Preventing employee burnout at work
We live in a day and age where employee burnout has become the most common complaint of the corporate world. Be it constant absenteeism amongst your employees or being unproductive at the workplace, employee burnout is an employer’s worst nightmare. Before we dwell on the situation further, let’s understand the quick fix.
It’s often easier to mitigate a burnout right before it starts than to work on recovering after a severe episode. One good way to go about the same is to allow an employee work-life balance, that would give them sufficient time to replenish their work skills. Rewarding them for their work done well is another way to keep the team happy and going.
Nothing causes burnout quicker than watching someone else receive preferential treatment or get credit for the wrong reasons. Even worse is unfairness that seems arbitrary. Pay inequality, random promotions, capricious recognition—all of these things can create animosity or a sense of despair in an employee. They’re made worse by the fact that, in most cases, the employee must bottle up their feelings of injustice.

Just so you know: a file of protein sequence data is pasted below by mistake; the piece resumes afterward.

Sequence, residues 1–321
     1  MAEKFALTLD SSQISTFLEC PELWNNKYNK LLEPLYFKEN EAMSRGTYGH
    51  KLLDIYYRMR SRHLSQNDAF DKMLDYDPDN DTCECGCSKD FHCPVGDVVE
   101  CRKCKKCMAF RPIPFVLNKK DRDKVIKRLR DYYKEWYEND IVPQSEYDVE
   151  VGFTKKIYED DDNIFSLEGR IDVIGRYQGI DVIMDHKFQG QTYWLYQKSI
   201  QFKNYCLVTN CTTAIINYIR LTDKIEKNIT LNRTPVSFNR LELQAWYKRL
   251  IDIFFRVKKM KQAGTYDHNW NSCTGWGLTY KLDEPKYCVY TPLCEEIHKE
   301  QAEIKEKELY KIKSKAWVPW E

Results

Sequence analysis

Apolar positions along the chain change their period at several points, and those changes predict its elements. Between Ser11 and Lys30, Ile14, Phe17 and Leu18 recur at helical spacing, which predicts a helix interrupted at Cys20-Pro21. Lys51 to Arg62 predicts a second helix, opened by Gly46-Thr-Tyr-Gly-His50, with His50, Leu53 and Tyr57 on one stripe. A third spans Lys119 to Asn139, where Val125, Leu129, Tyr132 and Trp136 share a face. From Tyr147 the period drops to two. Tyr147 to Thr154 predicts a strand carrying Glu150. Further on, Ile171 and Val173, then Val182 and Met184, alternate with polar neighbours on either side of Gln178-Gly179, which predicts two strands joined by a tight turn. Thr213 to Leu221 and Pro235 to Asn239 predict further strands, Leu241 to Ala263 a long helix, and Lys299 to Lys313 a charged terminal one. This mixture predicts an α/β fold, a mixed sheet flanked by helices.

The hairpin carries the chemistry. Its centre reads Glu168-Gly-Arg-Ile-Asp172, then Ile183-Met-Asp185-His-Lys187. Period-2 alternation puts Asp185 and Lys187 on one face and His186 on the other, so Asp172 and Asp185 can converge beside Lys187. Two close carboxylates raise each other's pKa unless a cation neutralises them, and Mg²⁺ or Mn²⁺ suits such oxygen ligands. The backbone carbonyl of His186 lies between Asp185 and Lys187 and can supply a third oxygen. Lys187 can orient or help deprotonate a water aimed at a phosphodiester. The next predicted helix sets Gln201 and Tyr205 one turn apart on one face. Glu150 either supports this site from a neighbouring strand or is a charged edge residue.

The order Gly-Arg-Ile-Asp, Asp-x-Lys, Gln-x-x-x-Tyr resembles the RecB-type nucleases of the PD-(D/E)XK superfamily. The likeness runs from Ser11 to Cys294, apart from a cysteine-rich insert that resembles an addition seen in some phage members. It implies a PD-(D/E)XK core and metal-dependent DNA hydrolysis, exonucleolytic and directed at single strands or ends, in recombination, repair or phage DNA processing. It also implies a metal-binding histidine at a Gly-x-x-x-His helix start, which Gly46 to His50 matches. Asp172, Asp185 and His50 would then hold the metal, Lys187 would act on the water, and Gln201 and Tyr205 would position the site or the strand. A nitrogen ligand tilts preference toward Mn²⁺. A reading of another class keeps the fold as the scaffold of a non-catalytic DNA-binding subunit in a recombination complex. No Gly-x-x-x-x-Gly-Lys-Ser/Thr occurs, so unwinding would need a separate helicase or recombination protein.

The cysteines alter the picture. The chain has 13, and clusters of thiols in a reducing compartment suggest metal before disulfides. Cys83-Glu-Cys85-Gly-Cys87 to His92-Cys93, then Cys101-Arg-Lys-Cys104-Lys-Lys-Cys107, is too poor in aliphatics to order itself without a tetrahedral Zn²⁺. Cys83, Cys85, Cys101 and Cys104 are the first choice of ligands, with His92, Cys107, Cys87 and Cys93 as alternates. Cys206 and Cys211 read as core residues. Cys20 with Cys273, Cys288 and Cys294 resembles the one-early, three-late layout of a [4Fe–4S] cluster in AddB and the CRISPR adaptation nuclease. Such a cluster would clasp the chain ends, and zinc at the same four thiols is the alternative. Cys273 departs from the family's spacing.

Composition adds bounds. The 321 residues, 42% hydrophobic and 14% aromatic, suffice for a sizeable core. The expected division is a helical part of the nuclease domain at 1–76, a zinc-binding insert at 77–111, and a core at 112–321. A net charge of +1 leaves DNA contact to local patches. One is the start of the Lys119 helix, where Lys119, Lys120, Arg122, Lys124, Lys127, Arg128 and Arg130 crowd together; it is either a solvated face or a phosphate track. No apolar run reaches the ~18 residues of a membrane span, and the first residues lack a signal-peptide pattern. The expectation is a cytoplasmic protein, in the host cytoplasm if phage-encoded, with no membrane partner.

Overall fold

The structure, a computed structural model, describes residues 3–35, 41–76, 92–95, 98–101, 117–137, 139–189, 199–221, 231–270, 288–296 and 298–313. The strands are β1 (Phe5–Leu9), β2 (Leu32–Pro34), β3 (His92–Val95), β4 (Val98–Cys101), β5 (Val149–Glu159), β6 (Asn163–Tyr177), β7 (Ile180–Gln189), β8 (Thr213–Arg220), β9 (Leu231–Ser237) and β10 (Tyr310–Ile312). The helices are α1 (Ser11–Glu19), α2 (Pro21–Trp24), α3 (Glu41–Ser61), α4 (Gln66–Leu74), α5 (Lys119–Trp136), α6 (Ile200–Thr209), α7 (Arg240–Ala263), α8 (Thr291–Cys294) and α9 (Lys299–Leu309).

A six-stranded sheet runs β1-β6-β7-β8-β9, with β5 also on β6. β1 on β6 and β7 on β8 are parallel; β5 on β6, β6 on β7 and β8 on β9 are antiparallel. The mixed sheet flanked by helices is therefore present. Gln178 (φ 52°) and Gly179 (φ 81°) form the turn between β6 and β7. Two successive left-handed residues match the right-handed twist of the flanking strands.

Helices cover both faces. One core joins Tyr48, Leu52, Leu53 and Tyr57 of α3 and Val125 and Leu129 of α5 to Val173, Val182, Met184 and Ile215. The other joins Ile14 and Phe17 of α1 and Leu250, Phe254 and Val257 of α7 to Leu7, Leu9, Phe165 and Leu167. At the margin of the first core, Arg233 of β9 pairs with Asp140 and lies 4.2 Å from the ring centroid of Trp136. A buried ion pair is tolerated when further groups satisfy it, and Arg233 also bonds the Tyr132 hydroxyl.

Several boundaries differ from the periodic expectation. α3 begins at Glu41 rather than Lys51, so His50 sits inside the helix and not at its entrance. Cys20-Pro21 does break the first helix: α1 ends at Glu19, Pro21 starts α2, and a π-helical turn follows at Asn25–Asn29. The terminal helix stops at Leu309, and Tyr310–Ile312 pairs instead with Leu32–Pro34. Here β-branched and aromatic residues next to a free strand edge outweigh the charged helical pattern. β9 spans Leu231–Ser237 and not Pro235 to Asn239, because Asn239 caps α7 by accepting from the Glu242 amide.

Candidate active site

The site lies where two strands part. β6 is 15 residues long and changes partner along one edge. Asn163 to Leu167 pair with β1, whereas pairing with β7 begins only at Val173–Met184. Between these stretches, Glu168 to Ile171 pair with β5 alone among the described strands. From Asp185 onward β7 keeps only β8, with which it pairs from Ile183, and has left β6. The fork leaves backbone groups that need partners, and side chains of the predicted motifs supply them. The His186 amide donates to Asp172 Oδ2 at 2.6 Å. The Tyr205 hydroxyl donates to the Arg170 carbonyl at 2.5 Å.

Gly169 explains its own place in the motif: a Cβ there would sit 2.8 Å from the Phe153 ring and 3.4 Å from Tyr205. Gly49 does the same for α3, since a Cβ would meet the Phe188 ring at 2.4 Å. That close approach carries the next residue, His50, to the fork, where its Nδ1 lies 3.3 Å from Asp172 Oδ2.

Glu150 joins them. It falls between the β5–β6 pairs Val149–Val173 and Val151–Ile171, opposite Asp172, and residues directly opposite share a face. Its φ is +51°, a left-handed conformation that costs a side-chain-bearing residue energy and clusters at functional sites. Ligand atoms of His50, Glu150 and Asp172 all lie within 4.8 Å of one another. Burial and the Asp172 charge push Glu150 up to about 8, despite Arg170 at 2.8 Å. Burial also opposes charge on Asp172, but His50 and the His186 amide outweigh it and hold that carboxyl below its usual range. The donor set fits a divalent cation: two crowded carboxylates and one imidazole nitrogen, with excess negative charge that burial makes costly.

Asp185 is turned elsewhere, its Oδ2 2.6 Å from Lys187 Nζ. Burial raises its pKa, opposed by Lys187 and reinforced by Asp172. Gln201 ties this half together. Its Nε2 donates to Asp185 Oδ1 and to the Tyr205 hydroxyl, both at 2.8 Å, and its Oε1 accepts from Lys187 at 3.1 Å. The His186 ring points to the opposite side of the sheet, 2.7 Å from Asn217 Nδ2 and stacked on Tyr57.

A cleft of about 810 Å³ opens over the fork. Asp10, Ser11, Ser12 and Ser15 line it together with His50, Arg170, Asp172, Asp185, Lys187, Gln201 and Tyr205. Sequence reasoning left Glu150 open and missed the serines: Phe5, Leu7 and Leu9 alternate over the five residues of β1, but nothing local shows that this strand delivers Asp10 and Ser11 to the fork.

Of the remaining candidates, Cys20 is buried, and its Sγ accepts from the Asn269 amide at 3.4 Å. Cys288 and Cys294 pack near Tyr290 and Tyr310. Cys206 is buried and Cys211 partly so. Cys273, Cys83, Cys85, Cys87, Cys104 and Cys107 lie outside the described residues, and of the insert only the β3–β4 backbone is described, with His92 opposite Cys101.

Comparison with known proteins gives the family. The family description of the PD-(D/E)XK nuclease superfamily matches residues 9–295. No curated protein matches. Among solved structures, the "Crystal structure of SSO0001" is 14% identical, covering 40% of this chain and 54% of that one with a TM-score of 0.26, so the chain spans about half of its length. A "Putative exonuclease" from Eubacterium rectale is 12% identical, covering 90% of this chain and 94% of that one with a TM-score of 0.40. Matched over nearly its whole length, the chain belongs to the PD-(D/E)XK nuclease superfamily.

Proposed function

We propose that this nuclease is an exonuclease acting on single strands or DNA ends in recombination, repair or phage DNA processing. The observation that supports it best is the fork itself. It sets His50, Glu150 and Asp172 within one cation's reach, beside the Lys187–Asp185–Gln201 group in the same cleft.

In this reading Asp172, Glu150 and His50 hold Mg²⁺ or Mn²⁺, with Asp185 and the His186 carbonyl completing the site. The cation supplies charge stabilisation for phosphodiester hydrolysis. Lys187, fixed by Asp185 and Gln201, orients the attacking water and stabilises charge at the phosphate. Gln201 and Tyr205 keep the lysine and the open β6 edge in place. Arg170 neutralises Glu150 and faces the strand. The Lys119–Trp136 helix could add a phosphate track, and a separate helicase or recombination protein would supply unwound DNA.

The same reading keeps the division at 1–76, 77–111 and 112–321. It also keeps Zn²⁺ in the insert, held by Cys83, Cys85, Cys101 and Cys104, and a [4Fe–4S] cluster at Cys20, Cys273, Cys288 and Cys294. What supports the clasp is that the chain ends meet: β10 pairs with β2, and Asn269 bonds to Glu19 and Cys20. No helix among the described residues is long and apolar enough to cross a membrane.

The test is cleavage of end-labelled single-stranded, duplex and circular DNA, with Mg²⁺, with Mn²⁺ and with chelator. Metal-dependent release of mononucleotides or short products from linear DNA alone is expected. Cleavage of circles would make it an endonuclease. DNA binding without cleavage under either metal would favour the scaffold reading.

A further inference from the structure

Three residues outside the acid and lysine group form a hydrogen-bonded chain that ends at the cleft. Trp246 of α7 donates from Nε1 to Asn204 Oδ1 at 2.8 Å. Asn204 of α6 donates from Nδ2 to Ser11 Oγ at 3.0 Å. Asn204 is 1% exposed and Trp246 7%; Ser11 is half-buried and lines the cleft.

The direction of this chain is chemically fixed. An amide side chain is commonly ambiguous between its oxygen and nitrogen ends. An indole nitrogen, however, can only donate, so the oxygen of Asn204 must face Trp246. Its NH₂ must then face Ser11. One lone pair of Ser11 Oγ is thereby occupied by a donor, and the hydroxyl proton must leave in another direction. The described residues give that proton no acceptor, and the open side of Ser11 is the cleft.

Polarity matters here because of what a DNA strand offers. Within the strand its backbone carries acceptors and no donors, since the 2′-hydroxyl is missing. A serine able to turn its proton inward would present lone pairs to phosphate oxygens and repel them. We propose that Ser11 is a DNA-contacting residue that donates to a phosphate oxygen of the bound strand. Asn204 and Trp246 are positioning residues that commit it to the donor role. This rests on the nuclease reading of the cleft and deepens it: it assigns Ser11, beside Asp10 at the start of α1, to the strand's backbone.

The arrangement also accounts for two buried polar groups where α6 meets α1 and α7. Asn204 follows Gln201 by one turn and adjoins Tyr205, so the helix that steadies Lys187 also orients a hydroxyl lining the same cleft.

It’s also important to clear out the objectives preventing the team from overworking or under working. Without a clear set of objectives employees are effectively flying blind, lacking purpose and direction.
Keeping open line of communication and feedback is essential to keep employees on track. This helps them know the goals they need to achieve and areas they need to work upon. Providing feedback in bite size chunks will ensure that workers don’t lose their purpose and can accurately track their own progress, leading to greater employee satisfaction.
It’s also essential to provide adequate employee support. Employee stress can escalate if appropriate levels of support aren’t available resulting in lower efficiency and a higher risk of burnout.
Lastly, employees who enjoy coming to work will burn out far less frequently than those who loathe their job. Why not build a positive work environment for your employees? Stocking the fridge with goodies, having lunch-hour parties, or giving half-days off before a holiday can all boost morale. Managing and reacting to burnout isn’t just essential for retaining current work force but it’s also important for bolstering the organisations reputation and attracting future talent.